While WallyHome's SNUPI technology is very interesting, I think the biggest limiting factor for the device is its lack of connectivity with other smart-home devices. Both the Lowe's Iris and Staples' Connect hubs can link wirelessly to other brands of water-leak sensors, which cost about $30 each.

So, for example, if the WallyHome could talk to those smart-home hubs, it could automatically activate a water shutoff valve if it were to detect a leak. That would be a lot more useful for a homeowner who might be on vacation and who wouldn't have a way of getting to the problem right away.

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Bottom line

Water damage is one of the most serious problems any homeowner will face, so being able to detect a leak as soon as it happens is a vital service. WallyHome's SNUPI concept -- using the wires in one's home as an antenna to link the sensors to the hub -- is a smart idea, especially for homes where a Wi-Fi signal might not reach into the recesses of one's basement, where a hot water heater might be located.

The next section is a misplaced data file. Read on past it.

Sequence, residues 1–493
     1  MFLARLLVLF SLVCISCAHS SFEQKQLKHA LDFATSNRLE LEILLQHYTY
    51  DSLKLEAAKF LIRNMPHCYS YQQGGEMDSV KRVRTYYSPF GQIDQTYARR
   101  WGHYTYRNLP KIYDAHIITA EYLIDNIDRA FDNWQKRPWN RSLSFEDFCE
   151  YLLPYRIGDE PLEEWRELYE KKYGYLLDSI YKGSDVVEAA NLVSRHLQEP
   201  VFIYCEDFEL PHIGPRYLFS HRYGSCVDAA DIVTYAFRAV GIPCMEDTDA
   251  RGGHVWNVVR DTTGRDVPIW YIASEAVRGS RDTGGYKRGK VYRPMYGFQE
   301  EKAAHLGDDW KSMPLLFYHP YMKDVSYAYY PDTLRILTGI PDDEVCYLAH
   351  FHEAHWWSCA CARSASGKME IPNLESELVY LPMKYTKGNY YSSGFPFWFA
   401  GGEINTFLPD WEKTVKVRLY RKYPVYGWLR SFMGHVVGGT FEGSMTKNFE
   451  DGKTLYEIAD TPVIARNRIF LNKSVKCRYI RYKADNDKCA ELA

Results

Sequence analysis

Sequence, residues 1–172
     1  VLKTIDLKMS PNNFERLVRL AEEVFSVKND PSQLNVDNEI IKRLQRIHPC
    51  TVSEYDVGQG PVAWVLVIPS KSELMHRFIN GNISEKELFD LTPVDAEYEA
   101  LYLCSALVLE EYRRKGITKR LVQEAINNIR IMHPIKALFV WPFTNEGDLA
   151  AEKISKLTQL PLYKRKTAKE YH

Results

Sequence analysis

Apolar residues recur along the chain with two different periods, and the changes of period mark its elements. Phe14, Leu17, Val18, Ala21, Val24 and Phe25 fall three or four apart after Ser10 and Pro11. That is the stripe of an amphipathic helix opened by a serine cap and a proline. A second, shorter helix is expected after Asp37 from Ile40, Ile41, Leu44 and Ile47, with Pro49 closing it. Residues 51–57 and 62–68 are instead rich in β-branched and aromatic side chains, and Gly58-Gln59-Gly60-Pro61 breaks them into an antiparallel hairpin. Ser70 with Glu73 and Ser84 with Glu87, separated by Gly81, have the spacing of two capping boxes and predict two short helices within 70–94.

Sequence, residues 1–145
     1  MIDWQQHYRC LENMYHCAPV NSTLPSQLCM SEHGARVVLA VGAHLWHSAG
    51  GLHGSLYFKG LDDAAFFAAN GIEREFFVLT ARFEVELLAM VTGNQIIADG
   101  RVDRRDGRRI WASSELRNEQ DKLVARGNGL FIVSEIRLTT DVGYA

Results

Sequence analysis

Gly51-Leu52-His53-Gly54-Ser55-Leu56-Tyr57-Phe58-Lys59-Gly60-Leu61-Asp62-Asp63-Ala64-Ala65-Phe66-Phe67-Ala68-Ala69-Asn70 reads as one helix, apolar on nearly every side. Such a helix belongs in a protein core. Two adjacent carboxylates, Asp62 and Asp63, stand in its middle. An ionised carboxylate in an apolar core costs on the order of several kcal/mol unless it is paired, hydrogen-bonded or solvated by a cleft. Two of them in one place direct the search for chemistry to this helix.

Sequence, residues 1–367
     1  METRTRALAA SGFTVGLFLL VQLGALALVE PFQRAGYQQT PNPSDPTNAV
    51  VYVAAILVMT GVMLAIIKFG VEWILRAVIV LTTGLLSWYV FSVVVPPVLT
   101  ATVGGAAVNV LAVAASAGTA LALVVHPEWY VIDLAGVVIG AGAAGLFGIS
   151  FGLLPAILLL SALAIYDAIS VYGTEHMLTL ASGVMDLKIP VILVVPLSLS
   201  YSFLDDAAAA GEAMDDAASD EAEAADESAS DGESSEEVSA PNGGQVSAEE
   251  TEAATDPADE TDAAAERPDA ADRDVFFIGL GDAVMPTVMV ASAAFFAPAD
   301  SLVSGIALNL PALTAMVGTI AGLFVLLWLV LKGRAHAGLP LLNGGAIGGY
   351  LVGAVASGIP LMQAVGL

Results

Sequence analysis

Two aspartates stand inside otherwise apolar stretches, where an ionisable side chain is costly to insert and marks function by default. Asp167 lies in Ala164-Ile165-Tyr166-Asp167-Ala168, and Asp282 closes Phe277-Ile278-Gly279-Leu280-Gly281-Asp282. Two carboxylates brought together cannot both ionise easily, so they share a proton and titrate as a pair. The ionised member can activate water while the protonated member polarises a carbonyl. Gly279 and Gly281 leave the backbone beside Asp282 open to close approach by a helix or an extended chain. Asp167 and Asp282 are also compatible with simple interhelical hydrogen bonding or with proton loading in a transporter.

I only wish that the whole system linked to other smart-home hubs, so you could do something from afar, too. But for $299, the WallyHome is a relatively inexpensive early-warning system for homeowners who want to avoid much more costly damage from a leak they might not otherwise learn about until it was too late.

Mike Prospero
U.S. Editor-in-Chief, Tom's Guide

Michael A. Prospero is the U.S. Editor-in-Chief for Tom’s Guide. He oversees all evergreen content and oversees the Homes, Smart Home, and Fitness/Wearables categories for the site. In his spare time, he also tests out the latest drones, electric scooters, and smart home gadgets, such as video doorbells. Before his tenure at Tom's Guide, he was the Reviews Editor for Laptop Magazine, a reporter at Fast Company, the Times of Trenton, and, many eons back, an intern at George magazine. He received his undergraduate degree from Boston College, where he worked on the campus newspaper The Heights, and then attended the Columbia University school of Journalism. When he’s not testing out the latest running watch, electric scooter, or skiing or training for a marathon, he’s probably using the latest sous vide machine, smoker, or pizza oven, to the delight — or chagrin — of his family.